Many organizations are using the concepts of Six Sigma to improve their business processes. Unfortunately, many organizations fail to reap the benefits of Six Sigma because improvement projects are not focused.
Six Sigma projects must be linked to the organization's business plan
Six Sigma methods have their roots in Motorola's quality improvement efforts in the late 1980s. That effort was a major contributor to Motorola being one of the first Malcolm Baldrige winners in 1988. In the 1990's Six Sigma achieved popular appeal as a result of the success General Electric and Allied Signal (now Honeywell) had implimenting Six Sigma concepts.
While the name "Six Sigma" has taken on a broader meaning, the fundamental purpose of Six Sigma is to improve processes such that there are at least six standard deviations between the worst case specification limit and the mean of process variation. For those of us that are statistically challenged, that means the process is essentially defect free!
The tools of Six Sigma are not new. Most of them are the same basic tools used by Quality Improvement Teams in the 1970s and early 80s. Six Sigma does have a catchy name and titles like "Black Belts," but its real value is in the systematic approach to improvement. The DMAIC process is a variation of PDCA that many people find helpful. There is no doubt about it, Six Sigma can help organizations improve processes.
On the other hand, many Six Sigma program managers complain that projects are all over the map. How can they make sure people are "working on the right things?" The best approach is to align Six Sigma projects with the organization's strategic business plan.
When Six Sigma projects are aligned with the organization's strategic direction, breakthrough results can be realized.
So how can TQE help?
TQE's primary core competence is in the area of Hoshin Kanri. Hoshin identifies the key strategic changes the organization feels are required to meet the needs of the future. To meet its objectives, the organization will need to complete numerous improvement projects (i.e., Six Sigma projects). These projects will show up at the end of every branch of the Hoshin Annual Plan. Forcing the bulk of Six Sigma projects to be managed through the Hoshin plan assures that the right projects are being selected and provides visibility of progress in real time. Hoshin Kanri helps align Six Sigma projects with the organization's strategic direction.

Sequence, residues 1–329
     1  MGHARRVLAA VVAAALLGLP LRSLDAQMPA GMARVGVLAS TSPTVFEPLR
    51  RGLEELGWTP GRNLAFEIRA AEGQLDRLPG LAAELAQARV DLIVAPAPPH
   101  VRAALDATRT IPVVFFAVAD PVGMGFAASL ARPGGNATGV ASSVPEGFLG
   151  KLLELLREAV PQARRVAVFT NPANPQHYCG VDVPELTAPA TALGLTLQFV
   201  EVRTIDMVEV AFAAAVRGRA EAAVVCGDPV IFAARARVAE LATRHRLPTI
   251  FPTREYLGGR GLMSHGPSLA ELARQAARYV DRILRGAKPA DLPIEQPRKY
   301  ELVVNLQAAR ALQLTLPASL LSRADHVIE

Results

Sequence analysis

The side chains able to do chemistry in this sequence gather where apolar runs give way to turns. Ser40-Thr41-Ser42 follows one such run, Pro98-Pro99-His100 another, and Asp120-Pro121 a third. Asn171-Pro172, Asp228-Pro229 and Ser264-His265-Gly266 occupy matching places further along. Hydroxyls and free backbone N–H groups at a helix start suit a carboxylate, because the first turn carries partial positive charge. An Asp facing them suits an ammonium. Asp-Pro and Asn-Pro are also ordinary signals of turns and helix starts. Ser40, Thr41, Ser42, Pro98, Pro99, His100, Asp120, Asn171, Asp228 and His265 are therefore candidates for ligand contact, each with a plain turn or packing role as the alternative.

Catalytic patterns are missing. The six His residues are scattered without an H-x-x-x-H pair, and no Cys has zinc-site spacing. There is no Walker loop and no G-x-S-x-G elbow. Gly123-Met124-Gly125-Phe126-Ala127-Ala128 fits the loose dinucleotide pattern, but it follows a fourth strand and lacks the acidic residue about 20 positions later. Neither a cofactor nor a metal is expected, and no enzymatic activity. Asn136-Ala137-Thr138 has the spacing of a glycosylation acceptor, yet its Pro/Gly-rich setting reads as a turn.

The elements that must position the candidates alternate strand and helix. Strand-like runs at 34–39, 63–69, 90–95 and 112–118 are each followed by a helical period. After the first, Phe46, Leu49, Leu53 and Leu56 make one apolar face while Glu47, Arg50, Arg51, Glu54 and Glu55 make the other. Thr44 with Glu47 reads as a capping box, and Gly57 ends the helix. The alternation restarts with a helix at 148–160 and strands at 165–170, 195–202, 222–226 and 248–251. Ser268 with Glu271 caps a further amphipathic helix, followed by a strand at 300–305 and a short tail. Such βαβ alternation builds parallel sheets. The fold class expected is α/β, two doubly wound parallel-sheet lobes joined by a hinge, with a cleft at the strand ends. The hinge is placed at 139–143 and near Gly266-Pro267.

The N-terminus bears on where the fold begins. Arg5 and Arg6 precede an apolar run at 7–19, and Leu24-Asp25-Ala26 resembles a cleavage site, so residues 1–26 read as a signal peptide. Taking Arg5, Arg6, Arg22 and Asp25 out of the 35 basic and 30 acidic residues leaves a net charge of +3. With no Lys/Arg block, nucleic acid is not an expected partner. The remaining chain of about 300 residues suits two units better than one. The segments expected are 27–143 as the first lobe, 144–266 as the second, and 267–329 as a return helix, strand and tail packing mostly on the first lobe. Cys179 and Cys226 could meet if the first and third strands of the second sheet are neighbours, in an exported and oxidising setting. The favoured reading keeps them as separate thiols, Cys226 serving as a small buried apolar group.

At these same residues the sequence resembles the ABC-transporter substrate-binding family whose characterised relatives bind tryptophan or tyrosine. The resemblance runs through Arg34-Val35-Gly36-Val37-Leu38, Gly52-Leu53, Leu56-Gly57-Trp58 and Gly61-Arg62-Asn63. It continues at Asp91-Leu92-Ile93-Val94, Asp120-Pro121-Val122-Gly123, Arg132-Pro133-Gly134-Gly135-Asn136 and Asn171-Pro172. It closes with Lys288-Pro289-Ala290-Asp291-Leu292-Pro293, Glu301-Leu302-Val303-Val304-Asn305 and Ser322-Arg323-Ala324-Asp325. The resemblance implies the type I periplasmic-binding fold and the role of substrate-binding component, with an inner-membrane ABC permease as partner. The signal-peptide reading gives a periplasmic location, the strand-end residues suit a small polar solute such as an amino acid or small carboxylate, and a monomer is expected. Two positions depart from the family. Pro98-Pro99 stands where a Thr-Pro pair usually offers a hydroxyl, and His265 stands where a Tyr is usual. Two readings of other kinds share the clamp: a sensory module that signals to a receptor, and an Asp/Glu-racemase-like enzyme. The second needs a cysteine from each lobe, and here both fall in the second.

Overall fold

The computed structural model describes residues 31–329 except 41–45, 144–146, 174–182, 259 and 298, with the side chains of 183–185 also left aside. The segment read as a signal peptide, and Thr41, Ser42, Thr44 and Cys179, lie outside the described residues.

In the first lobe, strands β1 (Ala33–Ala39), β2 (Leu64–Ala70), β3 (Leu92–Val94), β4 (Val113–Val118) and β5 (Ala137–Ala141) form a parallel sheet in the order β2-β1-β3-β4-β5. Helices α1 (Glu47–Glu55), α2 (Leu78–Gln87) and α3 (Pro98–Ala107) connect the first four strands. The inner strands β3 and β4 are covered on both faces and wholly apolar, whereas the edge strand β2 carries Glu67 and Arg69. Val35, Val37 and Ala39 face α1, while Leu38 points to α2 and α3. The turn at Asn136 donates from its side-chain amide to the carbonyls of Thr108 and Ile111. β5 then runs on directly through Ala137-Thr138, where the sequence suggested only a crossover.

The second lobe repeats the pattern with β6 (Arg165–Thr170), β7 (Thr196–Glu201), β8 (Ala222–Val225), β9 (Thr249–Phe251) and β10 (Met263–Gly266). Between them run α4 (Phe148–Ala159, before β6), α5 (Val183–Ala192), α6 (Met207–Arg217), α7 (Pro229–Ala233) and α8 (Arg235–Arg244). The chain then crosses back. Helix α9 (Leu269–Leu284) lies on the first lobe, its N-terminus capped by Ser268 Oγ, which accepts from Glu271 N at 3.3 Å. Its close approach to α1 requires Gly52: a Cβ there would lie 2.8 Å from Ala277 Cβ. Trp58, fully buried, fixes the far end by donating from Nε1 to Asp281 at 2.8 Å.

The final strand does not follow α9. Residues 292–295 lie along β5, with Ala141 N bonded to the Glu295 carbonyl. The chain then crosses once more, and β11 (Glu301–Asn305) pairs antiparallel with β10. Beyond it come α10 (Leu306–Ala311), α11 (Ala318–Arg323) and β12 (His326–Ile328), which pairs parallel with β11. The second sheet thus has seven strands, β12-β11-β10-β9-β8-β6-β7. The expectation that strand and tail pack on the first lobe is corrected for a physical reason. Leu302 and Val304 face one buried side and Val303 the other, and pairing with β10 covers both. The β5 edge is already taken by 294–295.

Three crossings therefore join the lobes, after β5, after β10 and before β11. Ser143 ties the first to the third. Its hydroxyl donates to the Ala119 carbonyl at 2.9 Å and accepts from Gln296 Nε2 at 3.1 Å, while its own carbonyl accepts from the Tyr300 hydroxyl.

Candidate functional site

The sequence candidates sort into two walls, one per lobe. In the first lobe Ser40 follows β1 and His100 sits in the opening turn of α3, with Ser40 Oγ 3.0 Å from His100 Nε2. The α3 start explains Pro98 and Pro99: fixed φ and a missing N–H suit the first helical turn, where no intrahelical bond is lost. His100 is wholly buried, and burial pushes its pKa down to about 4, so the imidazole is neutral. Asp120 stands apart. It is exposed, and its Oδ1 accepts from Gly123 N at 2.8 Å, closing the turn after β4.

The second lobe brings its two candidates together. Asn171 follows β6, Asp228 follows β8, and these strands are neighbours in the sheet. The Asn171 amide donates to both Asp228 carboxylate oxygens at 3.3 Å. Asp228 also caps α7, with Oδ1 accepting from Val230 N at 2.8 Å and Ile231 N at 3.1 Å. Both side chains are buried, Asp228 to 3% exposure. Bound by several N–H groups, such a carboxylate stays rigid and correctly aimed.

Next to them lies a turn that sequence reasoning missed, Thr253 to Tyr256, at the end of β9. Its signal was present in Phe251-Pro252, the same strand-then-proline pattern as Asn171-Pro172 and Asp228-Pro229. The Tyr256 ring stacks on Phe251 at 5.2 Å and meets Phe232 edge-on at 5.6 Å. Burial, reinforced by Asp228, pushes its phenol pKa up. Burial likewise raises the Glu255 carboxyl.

TQE's Hoshin Handbook describes the Hoshin Kanri process and provides step by step instructions. The handbook is also used as the text for the on-site workshop. It can help get you and your team up to speed quickly. To complete your Hoshin implementation, TQE provides both web-based and PC-based software to help reduce the paperwork and provide structure for your planning process. The software will help make your Hoshin plan become the way you manage instead of a document collecting dust on the shelf. Implementing Hoshin Kanri can be a giant step toward becoming a TQM mature organization.
To help organizations learn to use Six Sigma tools, TQE provides an on-site workshop. It teaches people how to use basic quality tools to manage and improve processes. Once the basic tools are mastered, people are able to determine if their processes are capable of meeting customer requirements. If processes are capable, people will know how to standardize the process to assure stable and capable performance. If processes are found to be not capable, then people will know how to use the DMAIC model to begin improving the processes so that they will meet customer requirements and achieve Six Sigma quality. If you want to see if you are proficient with the basic quality tools, take this quiz and find out.
Understanding how to use basic quality tools allows people in the organization to take responsibility for the processes they manage. In general, the tools will allow anyone to understand and continuously improve about 80-90% of the processes they manage. For the 10-20% of processes that require more sophisticated tools, TQE also provides training in Design of Experiments. This class teaches engineers and other technical personnel the techniques used by TQM organizations to achieve breakthrough process improvement.